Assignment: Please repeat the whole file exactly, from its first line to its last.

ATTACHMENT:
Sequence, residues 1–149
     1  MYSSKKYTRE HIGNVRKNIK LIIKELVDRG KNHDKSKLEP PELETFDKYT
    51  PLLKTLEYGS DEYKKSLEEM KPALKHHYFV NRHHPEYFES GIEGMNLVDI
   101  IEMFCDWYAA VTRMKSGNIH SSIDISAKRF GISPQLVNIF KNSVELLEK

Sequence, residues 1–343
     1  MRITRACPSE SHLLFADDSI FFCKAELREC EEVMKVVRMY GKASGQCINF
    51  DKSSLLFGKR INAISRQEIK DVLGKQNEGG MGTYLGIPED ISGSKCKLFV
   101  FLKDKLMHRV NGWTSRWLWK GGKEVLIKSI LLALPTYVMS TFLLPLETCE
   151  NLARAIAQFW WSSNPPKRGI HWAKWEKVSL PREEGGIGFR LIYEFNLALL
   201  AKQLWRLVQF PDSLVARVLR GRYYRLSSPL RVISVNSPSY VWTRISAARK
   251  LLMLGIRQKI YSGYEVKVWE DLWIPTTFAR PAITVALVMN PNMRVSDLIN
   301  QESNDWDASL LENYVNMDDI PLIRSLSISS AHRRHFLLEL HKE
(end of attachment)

Sequence, residues 1–149
     1  MYSSKKYTRE HIGNVRKNIK LIIKELVDRG KNHDKSKLEP PELETFDKYT
    51  PLLKTLEYGS DEYKKSLEEM KPALKHHYFV NRHHPEYFES GIEGMNLVDI
   101  IEMFCDWYAA VTRMKSGNIH SSIDISAKRF GISPQLVNIF KNSVELLEK

Sequence, residues 1–343
     1  MRITRACPSE SHLLFADDSI FFCKAELREC EEVMKVVRMY GKASGQCINF
    51  DKSSLLFGKR INAISRQEIK DVLGKQNEGG MGTYLGIPED ISGSKCKLFV
   101  FLKDKLMHRV NGWTSRWLWK GGKEVLIKSI LLALPTYVMS TFLLPLETCE
   151  NLARAIAQFW WSSNPPKRGI HWAKWEKVSL PREEGGIGFR LIYEFNLALL
   201  AKQLWRLVQF PDSLVARVLR GRYYRLSSPL RVISVNSPSY VWTRISAARK
   251  LLMLGIRQKI YSGYEVKVWE DLWIPTTFAR PAITVALVMN PNMRVSDLIN
   301  QESNDWDASL LENYVNMDDI PLIRSLSISS AHRRHFLLEL HKE